Welcome to the most colorful time of year in the garden. There are literally oodles of flowers that can be planted in the spring garden, many of which are specific to a certain part of the country. Annuals, perennials, and a wide number of shrubs and trees can be used in the garden to add more color. Remember that many fruit trees also have lovely blossoms in the spring. This is the time to plant them!
As usual, the best way for you to ensure success for your flowering plants is proper soil preparation. The soils your flowering plants grow in directly affect the success or failures you have with them. By preparing the soil in your flower garden with organic matter and nutrients you will have far greater success and fewer pest and disease problems.
The addition of organic matter along with other nutrients and minerals from natural sources will make your soil into a perfect growing medium for healthy and productive flower gardens. The key is in bringing your soil to life with natural materials that convert to plant food through the activities of a myriad of microorganisms that work constantly to take organic matter and other soil minerals and gradually feed your plants, as they need food.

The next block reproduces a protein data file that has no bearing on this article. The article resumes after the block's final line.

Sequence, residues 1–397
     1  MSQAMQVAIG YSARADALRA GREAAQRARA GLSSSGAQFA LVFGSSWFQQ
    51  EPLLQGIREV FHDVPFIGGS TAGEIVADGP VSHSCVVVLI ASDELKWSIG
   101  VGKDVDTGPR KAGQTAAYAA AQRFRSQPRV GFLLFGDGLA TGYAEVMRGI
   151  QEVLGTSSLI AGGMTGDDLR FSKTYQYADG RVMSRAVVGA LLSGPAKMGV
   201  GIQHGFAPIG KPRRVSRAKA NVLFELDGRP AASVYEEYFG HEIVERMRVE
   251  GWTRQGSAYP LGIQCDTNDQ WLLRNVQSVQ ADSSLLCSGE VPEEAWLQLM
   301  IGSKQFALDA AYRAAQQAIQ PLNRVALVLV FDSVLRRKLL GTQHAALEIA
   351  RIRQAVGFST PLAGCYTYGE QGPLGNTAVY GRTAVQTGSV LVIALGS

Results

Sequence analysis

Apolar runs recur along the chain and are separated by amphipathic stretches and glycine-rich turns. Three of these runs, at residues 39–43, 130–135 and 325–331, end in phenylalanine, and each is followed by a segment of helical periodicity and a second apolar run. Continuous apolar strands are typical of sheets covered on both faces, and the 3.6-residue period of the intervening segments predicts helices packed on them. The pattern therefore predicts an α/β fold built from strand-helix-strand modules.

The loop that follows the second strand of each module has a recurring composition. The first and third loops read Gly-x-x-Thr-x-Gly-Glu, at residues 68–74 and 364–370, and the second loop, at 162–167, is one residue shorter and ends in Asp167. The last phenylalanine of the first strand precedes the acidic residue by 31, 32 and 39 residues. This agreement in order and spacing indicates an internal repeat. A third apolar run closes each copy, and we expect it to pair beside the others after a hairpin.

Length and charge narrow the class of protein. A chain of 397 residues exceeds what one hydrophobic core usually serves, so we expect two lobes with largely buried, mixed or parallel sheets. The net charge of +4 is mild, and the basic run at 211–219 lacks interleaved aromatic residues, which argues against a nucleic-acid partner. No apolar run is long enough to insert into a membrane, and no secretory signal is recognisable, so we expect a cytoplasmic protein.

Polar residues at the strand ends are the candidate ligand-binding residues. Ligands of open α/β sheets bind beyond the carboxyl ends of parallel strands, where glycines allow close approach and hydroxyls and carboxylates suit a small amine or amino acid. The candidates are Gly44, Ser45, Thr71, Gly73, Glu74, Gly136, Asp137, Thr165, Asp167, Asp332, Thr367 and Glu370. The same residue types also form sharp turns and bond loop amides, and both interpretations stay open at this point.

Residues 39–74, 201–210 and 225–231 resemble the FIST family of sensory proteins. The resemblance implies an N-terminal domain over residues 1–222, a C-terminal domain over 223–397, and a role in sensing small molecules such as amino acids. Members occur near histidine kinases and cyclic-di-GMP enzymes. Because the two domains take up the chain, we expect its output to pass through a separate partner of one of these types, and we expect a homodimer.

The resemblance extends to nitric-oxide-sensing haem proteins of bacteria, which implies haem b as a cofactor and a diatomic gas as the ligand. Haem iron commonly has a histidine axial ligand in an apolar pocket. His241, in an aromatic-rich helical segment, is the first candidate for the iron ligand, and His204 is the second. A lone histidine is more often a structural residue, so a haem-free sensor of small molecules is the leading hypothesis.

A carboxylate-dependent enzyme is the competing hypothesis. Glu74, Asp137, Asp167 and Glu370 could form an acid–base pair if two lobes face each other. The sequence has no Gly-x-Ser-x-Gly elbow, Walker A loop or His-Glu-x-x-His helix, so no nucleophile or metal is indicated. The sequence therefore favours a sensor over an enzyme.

Instead of dousing them with some chemical cocktail that comes in a box or bag, natural plant foods from organic composts, minerals, and natural/ organic fertilizers offer plants a complete diet. Natural plant foods from these sources also increase the beneficial biological activity in your soil and compete with pests and disease organisms for space or eat these bad guys outright.
When planning and planting your natural flower garden it is always a good idea to keep in mind that most flowers perform best if you continuously harvest or cut flowers from them. It is not a good idea to allow flowers to die on the plant unless you are trying to produce seed for next season. Plants expend a lot of energy to produce seed and annuals will often die after seed is successfully produced on the plant. This can shorten the productive lifespan of your flowers.
The practice of “Deadheading” is the removal of spent flowers from your flowering plants. Deadheading actually can extend the productivity of your flowering plants by weeks and months longer than when the spent blossoms are left on the plant. It also makes the plants look much cleaner.